Heartburn, Acid reflux…How do I get relief?

A Q&A with Loraine Dailey, M.D.

Q: I’ve heard acid reflux can be serious. Is that true?

A: If you’ve been taking antacids and refraining from eating lots of different foods, but you still have acid reflux- or “heartburn”- you may have what doctors term GERD. GERD stands for GastroEsophageal Reflux Disease. And yes, while the symptoms are annoying, GERD can also be serious and cause long-term damage if left untreated.

Q: What causes GERD?

A: At the entrance to your stomach is a valve called the lower esophageal sphincter (LES.) Normally, the LES closes as soon as food passes through it. If it doesn’t close all the way, acid in your stomach can move up into the esophagus, irritating the lining. Symptoms can include burning chest pain/heartburn, a sour taste in the mouth, nausea and other pain. If you have symptoms more than twice a week, you should talk with your doctor. We know that untreated GERD can cause damage, such as esophageal bleeding and increase a person’s risk of esophageal cancer. Plus, newer treatments and lifestyle changes can make you feel better fairly quickly.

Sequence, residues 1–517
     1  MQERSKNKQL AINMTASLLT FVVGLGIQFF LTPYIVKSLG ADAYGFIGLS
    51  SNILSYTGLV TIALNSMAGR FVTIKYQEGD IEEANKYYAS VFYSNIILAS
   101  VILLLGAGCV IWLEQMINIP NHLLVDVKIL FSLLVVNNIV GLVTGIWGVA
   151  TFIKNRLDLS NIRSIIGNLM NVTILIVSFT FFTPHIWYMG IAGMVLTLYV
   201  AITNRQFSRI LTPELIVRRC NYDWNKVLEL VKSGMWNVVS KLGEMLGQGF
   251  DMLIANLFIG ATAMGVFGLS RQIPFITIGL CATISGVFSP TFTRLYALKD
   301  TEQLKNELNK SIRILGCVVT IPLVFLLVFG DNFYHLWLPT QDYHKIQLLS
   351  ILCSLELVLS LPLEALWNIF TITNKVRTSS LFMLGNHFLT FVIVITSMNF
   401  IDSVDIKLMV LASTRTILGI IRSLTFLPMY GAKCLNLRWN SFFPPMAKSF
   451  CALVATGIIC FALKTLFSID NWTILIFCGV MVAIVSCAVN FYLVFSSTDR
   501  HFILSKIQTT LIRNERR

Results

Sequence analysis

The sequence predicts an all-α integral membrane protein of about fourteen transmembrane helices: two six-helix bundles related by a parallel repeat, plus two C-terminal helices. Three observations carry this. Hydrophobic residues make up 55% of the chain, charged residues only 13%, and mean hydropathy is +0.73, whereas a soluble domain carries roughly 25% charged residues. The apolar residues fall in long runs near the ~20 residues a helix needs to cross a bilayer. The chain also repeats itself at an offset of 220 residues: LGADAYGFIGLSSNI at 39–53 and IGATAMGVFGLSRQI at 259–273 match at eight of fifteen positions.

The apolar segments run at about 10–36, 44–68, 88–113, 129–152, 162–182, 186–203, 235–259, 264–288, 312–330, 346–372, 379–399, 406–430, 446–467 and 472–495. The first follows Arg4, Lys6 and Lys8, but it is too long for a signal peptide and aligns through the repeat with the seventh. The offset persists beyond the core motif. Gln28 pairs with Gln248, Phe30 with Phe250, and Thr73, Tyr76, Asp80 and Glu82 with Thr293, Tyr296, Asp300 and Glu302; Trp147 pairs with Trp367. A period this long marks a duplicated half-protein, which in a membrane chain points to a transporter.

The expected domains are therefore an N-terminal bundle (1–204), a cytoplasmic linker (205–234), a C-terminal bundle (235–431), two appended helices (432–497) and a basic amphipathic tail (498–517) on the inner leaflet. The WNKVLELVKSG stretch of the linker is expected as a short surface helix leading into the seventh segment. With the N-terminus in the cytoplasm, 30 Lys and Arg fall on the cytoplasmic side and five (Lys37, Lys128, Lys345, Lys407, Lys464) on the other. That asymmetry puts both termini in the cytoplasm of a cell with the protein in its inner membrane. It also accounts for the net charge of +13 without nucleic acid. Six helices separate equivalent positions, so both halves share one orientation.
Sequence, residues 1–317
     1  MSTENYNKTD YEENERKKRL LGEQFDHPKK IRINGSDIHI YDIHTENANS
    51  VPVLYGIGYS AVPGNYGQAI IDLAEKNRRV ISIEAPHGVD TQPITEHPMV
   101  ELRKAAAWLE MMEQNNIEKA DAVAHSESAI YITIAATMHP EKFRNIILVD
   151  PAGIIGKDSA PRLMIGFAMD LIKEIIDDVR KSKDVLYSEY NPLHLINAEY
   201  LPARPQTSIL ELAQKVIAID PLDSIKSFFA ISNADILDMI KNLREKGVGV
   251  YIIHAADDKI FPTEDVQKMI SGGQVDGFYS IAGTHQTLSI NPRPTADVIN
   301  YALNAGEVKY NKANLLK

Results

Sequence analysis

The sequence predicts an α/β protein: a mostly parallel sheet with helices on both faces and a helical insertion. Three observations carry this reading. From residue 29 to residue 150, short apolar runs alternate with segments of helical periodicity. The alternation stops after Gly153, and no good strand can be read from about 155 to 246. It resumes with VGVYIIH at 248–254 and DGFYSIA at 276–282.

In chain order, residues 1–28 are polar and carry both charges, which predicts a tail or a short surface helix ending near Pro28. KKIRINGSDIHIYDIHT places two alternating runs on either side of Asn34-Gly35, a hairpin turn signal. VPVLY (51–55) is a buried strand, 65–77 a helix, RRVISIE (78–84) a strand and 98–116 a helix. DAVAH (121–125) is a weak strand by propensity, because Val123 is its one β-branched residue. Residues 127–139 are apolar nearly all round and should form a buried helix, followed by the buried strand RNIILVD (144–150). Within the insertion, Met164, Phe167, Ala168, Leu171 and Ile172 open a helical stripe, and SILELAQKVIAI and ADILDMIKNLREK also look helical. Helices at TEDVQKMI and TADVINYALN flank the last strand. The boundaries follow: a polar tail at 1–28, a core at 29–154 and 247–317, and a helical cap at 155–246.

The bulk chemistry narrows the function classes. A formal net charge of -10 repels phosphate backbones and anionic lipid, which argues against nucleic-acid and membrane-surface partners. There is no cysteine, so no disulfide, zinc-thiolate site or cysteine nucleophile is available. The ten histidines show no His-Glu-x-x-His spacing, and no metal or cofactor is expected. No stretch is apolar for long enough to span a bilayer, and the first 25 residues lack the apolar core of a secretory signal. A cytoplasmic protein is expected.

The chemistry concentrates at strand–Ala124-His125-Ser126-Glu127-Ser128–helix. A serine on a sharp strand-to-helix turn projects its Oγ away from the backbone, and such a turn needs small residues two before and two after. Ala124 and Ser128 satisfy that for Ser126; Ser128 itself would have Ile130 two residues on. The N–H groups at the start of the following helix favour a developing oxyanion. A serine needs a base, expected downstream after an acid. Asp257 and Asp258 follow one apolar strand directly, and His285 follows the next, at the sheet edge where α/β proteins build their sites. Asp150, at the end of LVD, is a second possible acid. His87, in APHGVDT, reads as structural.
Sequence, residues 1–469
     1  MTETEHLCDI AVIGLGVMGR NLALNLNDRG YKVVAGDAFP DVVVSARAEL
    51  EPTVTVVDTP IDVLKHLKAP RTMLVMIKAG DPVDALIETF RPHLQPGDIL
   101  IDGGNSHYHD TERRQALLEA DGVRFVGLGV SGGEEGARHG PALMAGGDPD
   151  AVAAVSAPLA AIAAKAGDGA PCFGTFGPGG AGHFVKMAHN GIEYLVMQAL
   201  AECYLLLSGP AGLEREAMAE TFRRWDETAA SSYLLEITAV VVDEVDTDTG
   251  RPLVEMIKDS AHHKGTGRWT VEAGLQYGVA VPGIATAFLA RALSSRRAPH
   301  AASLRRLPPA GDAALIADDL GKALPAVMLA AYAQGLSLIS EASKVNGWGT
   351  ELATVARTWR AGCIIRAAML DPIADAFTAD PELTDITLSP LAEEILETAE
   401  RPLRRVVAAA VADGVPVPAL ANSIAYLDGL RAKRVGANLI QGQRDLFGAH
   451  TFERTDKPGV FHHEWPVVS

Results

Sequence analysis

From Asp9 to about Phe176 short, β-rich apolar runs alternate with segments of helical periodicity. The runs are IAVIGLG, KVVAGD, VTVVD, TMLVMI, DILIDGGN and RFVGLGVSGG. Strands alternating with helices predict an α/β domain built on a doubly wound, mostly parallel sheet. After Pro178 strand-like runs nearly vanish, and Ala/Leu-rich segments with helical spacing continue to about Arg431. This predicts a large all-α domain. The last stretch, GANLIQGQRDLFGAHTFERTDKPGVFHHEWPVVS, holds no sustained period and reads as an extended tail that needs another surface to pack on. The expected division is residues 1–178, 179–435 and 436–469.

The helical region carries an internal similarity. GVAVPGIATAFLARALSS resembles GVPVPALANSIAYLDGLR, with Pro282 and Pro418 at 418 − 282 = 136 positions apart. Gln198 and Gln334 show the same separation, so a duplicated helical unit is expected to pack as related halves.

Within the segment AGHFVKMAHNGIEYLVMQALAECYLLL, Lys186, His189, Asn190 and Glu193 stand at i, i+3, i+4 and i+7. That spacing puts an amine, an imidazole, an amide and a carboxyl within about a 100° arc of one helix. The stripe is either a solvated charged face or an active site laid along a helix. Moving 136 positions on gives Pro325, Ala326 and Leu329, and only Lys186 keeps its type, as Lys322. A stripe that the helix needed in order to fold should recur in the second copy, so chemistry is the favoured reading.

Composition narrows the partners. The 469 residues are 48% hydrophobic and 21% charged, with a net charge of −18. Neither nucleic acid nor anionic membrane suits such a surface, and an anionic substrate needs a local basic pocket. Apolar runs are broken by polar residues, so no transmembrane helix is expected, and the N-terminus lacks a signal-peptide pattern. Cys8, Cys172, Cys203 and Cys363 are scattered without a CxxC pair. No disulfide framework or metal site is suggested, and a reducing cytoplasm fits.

Q: What are the latest treatments?

A: If the GERD is not serious, the first course of treatment should focus on lifestyle changes. Patients should avoid or reduce foods that trigger symptoms or weaken the LES—common culprits include chocolate, fried or fatty foods, coffee, alcohol and peppermint. Other changes include losing weight, not snacking several hours before bedtime, quitting smoking and evaluating any medications that could make GERD worse. Some people benefit from raising the head of their bed by six inches or sleeping on a wedge to prevent acid from moving up into the esophagus.

For some, treatment may also require medication. We have an effective class of medications called proton pump inhibitors. They are sometimes combined with over the counter medications, such as antacids or foaming agents to coat the stomach. Other drugs, such as H2 blockers, help some people. If medications don’t work, there are surgical options but they are being used much less today. Talk with your doctor if you have persistent heartburn or think you have GERD. Together, you can come up with an effective treatment plan.

Loraine Dailey, M.D.
Dr. Dailey is a Maryland Primary Care Physicians, LLC partner and is certified by the American Board of Family Medicine. She received her medical degree from the University of Virginia School of Medicine in 1976 and completed her residency program in Family Practice at University of Maryland Medical Center in 1979. Dr. Dailey is also a Fellow of the American Academy of Family Physicians.